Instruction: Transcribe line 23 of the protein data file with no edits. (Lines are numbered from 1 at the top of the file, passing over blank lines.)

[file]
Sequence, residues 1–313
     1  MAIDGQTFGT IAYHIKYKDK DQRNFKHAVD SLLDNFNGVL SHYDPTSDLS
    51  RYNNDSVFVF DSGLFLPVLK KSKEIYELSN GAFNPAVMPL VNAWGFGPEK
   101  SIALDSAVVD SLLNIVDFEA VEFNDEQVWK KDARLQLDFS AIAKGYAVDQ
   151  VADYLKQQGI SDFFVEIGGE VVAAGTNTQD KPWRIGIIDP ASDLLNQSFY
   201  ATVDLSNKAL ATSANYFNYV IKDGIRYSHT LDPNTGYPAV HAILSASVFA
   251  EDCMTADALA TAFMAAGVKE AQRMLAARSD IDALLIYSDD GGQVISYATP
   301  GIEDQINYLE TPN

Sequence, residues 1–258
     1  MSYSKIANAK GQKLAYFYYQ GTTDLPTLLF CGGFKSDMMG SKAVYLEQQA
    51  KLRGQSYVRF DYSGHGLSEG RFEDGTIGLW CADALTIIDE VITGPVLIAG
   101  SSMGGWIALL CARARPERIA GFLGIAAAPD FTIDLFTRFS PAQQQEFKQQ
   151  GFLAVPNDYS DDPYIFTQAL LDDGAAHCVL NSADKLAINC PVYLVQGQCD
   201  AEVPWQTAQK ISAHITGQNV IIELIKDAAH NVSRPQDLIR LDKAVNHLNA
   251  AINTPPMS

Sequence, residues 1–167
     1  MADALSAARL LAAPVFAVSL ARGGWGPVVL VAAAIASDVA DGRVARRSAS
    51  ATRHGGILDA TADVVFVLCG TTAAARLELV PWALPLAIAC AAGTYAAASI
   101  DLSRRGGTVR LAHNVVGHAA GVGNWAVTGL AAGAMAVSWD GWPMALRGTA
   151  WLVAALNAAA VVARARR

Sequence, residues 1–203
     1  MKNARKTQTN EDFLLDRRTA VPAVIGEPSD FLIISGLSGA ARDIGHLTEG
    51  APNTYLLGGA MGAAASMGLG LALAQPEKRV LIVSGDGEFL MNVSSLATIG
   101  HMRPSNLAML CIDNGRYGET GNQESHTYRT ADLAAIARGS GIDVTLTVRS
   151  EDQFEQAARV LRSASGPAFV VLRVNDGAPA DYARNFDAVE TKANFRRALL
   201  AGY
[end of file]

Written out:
    51  APNTYLLGGA MGAAASMGLG LALAQPEKRV LIVSGDGEFL MNVSSLATIG